Blue Collar Programmers, Food stamps at Amazon, Disappearing bank tellers, Great cities with homes under $250K

  • The newest blue collar worker: the computer coder – Are those who write code destined to be the equivalent for the assembly line worker at an automotive plant? (Wired)
  • A trillion here, a trillion there – Vanguard just surpassed $4 trillion under management for the first time ever. It’s not just market appreciation that’s helping to grow that figure; the index-fund pioneer attracted about $49 billion in net new money in January. While not all of the money that they manage is invested in index funds, a sizable portion is, furthering the growing sentiment among investor that index funds may be the best place for their investments. (Wall St Journal)
  • Visualizing the Shifting Income Distribution of American Jobs – Check out the charts to see how salaries and distribution of many jobs have changed over the past 50 years. (Visual Capitalist)
  • A Sign of the Times: Amazon to Begin Accepting Food Stamps – (There are over 44 million Americans currently receiving SNAP benefits, better known as food stamps. This financial assistance was designed to provide nutritious food to qualifying citizens, and about 54% of its beneficiaries are children and the elderly. (Consumerism Commentary)
  • 7 most promising finance jobs of 2017 – When it comes to careers, “finance” is a sweeping term. So before you hit Wall Street, you’ll need to figure out which role is right for you. LinkedIn broke down the top finance jobs of 2017, based on high median salaries, job openings, year-over-year-growth, and potential for promotion. Here are LinkedIn’s top seven picks. (Your Money)
  • Bank tellers going the way of the blacksmith – Overall, the number of bank branches are declining, several new branches have no employees present. (Washington Post)
  • The 25 best places to live where the average home costs less than $250,000 -Despite surging home prices across the US, it’s still possible to snag something affordable in a great city. As evidenced by U.S. News & World Report’s latest ranking of the best places to live in America, the top cities for settling down tout a strong job market, low cost of living, high quality of life, and affordable housing to boot. To find out which of the top-50 best places to live have home costs on par with the national median listing price, we filtered the ranking for cities where the median home costs $250,000 or less. Check out the top-25 cities and their median home prices. (Business Insider)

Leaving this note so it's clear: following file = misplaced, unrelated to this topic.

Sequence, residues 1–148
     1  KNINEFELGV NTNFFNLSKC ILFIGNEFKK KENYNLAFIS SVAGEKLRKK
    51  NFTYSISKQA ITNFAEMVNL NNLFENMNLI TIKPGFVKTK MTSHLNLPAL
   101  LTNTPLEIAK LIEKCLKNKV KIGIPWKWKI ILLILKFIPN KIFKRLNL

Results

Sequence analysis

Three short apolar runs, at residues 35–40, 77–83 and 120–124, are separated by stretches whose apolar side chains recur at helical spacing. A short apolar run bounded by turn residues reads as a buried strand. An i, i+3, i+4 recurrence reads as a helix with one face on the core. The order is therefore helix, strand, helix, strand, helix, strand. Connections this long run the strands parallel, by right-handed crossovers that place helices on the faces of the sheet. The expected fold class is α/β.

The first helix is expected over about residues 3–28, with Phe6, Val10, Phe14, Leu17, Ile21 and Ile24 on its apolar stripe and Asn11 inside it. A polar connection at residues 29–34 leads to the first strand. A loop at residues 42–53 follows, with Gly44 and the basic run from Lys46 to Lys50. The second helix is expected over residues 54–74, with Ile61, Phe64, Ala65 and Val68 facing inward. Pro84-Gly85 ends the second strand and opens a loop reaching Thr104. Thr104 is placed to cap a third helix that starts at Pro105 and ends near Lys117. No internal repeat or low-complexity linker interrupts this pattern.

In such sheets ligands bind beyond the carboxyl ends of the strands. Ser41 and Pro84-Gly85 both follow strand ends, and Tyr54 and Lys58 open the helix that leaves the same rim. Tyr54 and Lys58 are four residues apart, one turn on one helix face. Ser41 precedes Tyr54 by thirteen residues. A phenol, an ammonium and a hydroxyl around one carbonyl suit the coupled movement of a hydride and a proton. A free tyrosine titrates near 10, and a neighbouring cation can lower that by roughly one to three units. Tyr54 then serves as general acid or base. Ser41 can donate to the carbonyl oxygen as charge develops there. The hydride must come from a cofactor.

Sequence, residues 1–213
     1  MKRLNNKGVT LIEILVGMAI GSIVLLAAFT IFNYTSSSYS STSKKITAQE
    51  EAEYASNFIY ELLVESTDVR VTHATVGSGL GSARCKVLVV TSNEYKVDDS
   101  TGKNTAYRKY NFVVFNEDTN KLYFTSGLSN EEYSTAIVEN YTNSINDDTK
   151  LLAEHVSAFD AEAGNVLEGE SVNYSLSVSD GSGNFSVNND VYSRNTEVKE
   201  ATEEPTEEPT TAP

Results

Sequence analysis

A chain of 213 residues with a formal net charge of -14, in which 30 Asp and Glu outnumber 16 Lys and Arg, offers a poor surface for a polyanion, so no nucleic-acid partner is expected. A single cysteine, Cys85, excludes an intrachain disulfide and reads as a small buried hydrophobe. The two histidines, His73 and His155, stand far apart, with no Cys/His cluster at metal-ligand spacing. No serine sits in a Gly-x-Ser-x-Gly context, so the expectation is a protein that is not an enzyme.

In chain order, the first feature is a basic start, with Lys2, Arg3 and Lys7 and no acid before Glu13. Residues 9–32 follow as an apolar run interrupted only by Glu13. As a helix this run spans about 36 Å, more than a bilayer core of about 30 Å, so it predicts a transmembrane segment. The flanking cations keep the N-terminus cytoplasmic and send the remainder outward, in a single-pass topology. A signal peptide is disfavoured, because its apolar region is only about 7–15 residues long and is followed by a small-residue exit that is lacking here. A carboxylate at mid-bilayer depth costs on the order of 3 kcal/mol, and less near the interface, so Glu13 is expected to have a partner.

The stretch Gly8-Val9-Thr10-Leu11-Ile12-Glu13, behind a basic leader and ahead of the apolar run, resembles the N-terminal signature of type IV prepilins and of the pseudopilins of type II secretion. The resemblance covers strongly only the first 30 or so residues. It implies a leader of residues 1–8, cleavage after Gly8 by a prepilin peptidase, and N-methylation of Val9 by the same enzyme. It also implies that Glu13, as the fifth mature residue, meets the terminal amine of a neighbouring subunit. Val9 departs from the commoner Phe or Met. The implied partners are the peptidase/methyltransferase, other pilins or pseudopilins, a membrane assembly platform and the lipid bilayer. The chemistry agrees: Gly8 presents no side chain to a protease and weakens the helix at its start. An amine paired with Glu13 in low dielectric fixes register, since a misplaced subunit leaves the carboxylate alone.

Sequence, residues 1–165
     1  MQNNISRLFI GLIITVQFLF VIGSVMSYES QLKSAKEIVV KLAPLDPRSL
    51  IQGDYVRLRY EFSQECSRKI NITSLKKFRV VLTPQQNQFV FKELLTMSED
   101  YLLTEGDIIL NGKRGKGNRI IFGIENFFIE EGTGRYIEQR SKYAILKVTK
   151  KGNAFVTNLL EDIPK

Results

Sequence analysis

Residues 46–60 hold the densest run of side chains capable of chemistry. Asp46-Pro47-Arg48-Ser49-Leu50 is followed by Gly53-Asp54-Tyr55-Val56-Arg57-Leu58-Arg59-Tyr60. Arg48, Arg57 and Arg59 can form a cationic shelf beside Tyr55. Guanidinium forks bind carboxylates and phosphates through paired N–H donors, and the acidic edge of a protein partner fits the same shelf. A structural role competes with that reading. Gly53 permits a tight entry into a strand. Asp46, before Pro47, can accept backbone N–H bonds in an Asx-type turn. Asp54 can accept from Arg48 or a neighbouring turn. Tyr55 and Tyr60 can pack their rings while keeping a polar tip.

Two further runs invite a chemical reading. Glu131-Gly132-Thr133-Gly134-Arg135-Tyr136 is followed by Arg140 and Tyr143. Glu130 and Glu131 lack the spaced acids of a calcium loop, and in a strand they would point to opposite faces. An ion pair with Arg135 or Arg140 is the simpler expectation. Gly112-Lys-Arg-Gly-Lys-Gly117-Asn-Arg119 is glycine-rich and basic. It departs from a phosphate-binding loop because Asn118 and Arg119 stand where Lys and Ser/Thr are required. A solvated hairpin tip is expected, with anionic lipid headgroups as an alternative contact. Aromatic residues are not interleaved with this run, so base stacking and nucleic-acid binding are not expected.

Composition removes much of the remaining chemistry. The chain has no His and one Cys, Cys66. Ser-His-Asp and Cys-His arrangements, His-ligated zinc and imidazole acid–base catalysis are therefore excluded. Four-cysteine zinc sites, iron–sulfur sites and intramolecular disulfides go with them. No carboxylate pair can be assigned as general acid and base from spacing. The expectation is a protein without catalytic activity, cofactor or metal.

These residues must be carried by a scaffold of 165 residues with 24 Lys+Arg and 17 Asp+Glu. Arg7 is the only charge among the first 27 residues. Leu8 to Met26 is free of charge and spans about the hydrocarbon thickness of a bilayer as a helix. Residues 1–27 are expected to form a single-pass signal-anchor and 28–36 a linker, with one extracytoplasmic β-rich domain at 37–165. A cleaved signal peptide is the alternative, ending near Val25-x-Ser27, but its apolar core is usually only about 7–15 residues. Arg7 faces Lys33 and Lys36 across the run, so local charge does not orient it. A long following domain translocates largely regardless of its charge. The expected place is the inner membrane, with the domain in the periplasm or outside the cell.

• Would you like conversation with that? – A formerly undervalued skill is vital today. The US economy, like others around the world, abandoned manufacturing and left a huge swath of baby boomers out of work with a set of skills that had become obsolete. In the 1950’s and 60’s, few jobs needed social skills — think assembly line jobs — but today, with more people working in service jobs — think baristas — there is a greater and growing emphasis on social tasks. It’s not just Starbucks jobs that benefit from those with the gift of gab, extroverts may be the key to a start-up’s success.  (Quartz)
  • Index funds: They’re not just for you and me – Pension plans continue to hire consultants to tell them how to invest.Several state pension funds — including Illinois, Kentucky and Rhode Island — have slashed their hedge-fund allocations. In 2015, California’s public pension system, Calpers, announced that it was getting out of hedge-fund investments and reported unimpressive high-cost private equity performance over 30 years. (Bloomberg)
  • Driving using ride-share gigs to give their real career a “Lyft” – While ride-sharing drivers are making a living, a growing number are taking the opportunity to market their real ambitions (The Ringer)
  • I’m a 34-year-old who has never had a credit card — and it’s the worst financial decision I’ve made in my life – There are people who use the credit cards freely and get themselves into financial trouble. Conversely, you can negatively impact your credit score simply by not building up any credit. (Business Insider)

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